First-time meetings rarely produce any real result, unless the Indonesian company makes the initial approach. It is more likely that repeated meetings (formal and informal) over a period of time will be required before any real business can be discussed. This period of time can range between several months to several years. Meeting face-to-face is most effective and highly appreciated, however to be polite, Indonesians will often tell you what they think you want to hear.

Decision making frequently occurs through a consensus and attempting to force a decision will often have an adverse effect on negotiations. Business is considered lost when an Indonesian begins to avoid you or act coldly towards you (Source: RSM, Doing Business in Indonesia 2014 and KPMG, Investing in Indonesia 2013).

Setting up in Market

Being referred by a local company is a strong entry point for businesses looking to expand into Indonesia and peer reference is a valued endorsement on the quality of work.

Australian companies interested in establishing a legal entity in Indonesia should first refer to Presidential Regulation Number 44 of 2016 (more commonly known as ‘Negative Investment List’) to learn about businesses that are closed or conditionally open for investment.

To assist potential foreign investors in setting up their office in Indonesia, the government has assigned BKPM (Indonesia Investment Coordinating Board) as the one-stop service provider for business license processing.

Banking and finance

Indonesia’s central bank is Bank Indonesia. It implements a dual monetary system for sharia and commercial banking and finance services. For more information, visit Islamic Banking in Indonesia in Brief.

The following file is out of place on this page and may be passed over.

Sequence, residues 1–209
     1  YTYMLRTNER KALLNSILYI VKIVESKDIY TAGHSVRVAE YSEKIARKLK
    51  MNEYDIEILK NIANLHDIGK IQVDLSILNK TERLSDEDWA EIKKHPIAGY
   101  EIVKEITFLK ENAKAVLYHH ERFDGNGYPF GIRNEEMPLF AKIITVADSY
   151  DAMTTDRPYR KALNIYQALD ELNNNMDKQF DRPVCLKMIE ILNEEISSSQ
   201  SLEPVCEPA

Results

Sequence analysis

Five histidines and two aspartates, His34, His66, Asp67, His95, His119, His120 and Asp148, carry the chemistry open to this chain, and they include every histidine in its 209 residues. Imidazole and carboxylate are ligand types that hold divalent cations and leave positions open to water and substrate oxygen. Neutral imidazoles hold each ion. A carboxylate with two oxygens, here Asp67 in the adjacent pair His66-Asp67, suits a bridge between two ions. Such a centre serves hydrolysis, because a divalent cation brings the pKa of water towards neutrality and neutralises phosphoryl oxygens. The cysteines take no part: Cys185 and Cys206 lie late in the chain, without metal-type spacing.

Under Indonesian Financial Authority (OJK) and Bank Indonesia monitoring, the government encourages foreign banks operating in Indonesia to direct at least 20 per cent of their credit portfolio to the retail and small and medium-sized enterprises (SMEs) sectors by 2018. The system acknowledges BASEL III requirements and Foreign Account Tax Compliance Act (FATCA) compliance standard for business taxation. Current banks in Indonesia include four state owned, 116 private national banks, and 24 foreign owned (Source: Business Monitor International, Indonesia Commercial Banking Report, Q4 2014).

Major banking and financial providers offer accessible internet and mobile banking and provide standard banking and finance services such as money transfer, deposit and withdrawal, savings accounts and foreign exchange.

Links and resources

Government, business and trade

Bank Indonesia
Ernst & Young Banking survey

Please note: This list of websites and resources is not definitive. Inclusion in this list does not imply endorsement by Austrade. The information provided is a guide only. The content is for information and carries no warranty; as such, the addressee must exercise their own discretion in its use. Australia’s anti-bribery laws apply overseas and Austrade will not provide business related services to any party who breaches the law and will report credible evidence of any breach. For further information, please see foreign bribery information and awareness pack.